Drowning Report Shows Increase in Child Fatalities

The U.S. Consumer Product Safety Commission (CPSC) has released its annual drowning and submersion report. Focused on deaths and injuries for children under age 15, the report shows that fatal drownings for children increased 12% in 2021, the most recent year for which data are available, compared to 2020. Drowning remains the leading cause of death among children ages 1 to 4 years old, with a disproportionately higher risk for swimming-aged children in Black communities. 

CPSC’s report addresses nonfatal drownings for the period 2021 through 2023 and fatal drownings for the period 2019 through 2021, reflecting a lag in the reporting of fatal drowning statistics.

CPSC’s latest data show the following for children in the U.S. younger than 15 years of age: 

  • Between 2019 and 2021, there was an average of 358 pool- or spa-related fatal drownings reported per year, and 75% of those victims were younger than 5.
  • The number of fatal child drownings in 2021 was 380, a 12% increase from the 339 fatal drownings reported in the previous year.
  • Between 2021 and 2023, there was an average of 6,500 estimated pool- or spa-related, hospital emergency department (ED)-treated, nonfatal drowning injuries each year.

Additionally, the report highlighted specific drowning hazards for children under 5 years of age:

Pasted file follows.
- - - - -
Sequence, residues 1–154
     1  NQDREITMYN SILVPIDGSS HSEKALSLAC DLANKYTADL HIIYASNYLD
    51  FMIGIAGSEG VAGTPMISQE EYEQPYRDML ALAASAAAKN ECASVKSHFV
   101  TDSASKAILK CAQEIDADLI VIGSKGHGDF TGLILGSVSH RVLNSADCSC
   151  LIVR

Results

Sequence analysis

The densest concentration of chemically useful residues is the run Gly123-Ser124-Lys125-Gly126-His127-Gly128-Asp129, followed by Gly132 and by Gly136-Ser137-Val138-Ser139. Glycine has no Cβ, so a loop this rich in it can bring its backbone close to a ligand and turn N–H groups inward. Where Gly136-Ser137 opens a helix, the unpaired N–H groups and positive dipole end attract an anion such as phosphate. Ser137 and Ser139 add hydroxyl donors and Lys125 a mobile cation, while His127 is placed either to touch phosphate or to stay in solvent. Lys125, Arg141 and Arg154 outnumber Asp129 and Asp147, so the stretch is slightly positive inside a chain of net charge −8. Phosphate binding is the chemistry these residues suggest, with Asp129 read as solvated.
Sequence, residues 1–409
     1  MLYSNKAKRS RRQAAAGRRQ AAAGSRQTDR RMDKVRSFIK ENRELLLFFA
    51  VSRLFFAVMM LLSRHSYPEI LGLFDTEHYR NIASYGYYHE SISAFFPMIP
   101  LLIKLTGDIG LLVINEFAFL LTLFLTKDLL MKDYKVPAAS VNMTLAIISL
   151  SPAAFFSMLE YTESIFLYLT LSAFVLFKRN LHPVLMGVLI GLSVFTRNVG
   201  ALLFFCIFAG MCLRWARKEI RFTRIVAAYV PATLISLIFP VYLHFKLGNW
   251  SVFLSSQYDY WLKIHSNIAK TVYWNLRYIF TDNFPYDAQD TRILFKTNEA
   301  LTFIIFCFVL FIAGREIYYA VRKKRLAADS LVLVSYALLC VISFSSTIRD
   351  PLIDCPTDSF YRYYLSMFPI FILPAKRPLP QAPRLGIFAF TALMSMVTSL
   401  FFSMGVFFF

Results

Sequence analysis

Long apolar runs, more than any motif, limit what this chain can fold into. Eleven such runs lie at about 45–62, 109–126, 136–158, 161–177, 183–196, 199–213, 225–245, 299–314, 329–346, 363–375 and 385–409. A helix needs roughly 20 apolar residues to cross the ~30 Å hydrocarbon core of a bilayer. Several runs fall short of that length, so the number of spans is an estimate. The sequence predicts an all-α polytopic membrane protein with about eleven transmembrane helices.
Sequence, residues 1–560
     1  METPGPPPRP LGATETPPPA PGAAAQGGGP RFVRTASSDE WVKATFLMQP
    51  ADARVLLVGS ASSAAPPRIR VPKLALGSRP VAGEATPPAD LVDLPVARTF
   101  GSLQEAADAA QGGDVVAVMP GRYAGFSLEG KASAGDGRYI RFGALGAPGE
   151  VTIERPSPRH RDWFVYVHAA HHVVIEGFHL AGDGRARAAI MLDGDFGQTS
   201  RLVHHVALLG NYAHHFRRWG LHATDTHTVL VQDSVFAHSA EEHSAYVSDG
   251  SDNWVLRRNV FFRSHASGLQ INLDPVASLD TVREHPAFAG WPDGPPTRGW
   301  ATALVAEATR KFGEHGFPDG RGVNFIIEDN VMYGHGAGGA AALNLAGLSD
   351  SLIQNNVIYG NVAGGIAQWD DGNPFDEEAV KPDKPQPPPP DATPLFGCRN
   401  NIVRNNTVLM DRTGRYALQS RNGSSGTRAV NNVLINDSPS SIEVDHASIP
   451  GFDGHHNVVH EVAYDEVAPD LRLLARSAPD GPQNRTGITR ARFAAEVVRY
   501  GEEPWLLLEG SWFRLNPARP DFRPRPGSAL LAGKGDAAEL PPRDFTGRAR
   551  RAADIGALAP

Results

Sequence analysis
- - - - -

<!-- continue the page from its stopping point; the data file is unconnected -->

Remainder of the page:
• In 2023, 77% of all estimated pool- or spa-related, ED-treated, nonfatal drowning injuries involved children younger than 5 years of age. 
  • Between 2019 and 2021, there was an average of 269 pool- or spa-related fatal drownings for children under 5, roughly 75% of the total average number of fatal drownings for all children under 15. 

“Children can drown quickly and silently, and the increase in drownings for this age group is a sobering reminder of how prevalent these tragedies are,” said CPSC Chair Alex Hoehn-Saric. “Parents and caregivers should never let their guard down around water, that means installing layers of protection, like fencing, alarms, pool covers and self-latching features to keep unsupervised kids from accessing the water.”

Where location was known, 81% of fatal drownings involving children under age 15 occurred in a residential setting, including at the victim’s home, or at the home of a family member, friend, or neighbor. 

The report also highlights the continuing trend of racial disparities in drowning fatalities. Out of the 71% of drowning fatalities involving children under age 15 whose race was specified, African-American children made up 23% of all drownings, higher than 15% of the population for that age.

For drowning fatalities among children aged 5 to 14, 45% of drowning deaths involved African-Americans where race was identified. These numbers highlight the importance of reaching historically excluded communities with water safety information and support.

You can read the full CPSC drowning and entrapment reports by visiting PoolSafely.gov.